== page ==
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Like Water, Like Fire contains the following poem:

Where the Egyptian sands spread far around,
Close where the waves of azure Nile are flowing,
A tomb stood many thousands of years: men going
Within, some seeds hid in a jar where found.
Although the grains were parched and dried, still sound
Their vital force awoke, and, new life knowing,
Flourished abundantly, young ears were growing,
In spring the crop stood high above the ground.

Forgotten land of mine, this is your symbol;
At last thy people's spirit is atremble,
I believe it lies not in sterile sleep,
But that it will surge upward like a fountain,
Which, rushing in a mighty, sounding leap,
Pierces the soil, into free spaces mounting.

This seems to imply that something happened that the author anticipated would "wake people up from their slumber." What is the author referring to here?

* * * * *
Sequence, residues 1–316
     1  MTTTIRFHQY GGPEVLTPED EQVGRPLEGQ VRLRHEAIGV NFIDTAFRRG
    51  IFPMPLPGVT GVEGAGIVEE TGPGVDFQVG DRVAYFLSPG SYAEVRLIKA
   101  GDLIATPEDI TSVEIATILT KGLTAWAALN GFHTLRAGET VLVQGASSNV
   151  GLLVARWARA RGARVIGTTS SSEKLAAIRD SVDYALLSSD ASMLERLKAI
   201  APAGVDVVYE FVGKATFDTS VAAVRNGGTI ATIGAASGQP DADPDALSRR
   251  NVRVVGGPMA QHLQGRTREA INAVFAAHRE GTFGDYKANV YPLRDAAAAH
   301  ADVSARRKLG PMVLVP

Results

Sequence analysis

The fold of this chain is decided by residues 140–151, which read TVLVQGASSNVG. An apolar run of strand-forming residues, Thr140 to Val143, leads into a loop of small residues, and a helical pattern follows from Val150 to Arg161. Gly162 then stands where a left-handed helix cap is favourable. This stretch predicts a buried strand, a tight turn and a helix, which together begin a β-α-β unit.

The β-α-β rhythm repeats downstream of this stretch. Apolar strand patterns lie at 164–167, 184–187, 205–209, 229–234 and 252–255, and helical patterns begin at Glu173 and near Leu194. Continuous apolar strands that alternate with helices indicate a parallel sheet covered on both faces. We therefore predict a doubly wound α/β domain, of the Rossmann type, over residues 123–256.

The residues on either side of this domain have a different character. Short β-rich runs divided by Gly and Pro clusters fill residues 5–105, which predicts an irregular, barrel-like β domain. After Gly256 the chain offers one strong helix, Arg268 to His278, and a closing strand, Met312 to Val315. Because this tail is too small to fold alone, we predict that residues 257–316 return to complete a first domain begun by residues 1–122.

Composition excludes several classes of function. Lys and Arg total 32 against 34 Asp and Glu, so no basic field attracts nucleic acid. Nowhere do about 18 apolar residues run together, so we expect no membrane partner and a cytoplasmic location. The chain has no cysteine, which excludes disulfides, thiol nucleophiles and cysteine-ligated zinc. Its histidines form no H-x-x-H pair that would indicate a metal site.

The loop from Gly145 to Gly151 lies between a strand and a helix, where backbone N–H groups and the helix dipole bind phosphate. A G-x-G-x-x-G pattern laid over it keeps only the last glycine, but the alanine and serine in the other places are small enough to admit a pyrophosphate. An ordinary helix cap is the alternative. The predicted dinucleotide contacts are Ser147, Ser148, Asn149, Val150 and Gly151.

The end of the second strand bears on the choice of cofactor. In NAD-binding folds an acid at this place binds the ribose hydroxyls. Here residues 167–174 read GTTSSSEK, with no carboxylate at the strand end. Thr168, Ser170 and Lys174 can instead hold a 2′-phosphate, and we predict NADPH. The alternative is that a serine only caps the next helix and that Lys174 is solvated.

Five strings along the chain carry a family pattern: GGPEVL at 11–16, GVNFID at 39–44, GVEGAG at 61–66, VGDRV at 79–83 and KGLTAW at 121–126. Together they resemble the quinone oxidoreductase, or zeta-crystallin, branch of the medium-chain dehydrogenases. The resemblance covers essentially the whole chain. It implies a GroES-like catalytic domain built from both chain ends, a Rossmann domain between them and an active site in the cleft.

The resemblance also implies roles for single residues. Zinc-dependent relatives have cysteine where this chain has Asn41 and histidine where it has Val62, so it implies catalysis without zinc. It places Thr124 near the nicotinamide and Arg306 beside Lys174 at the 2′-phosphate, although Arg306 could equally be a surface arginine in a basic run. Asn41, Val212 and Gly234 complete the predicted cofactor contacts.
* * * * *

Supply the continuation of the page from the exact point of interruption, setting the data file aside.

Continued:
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I think this is referring to the same cultural awakening that I explored in answer to your previous question.

in 1882, there was a general 'awakening' of cultural pride (and possibly there was a build up to that for the necessary couple of years before that to make it the round four decades referenced in the poem) driven by the intelligentsia and capturing a certain amount of popular support...

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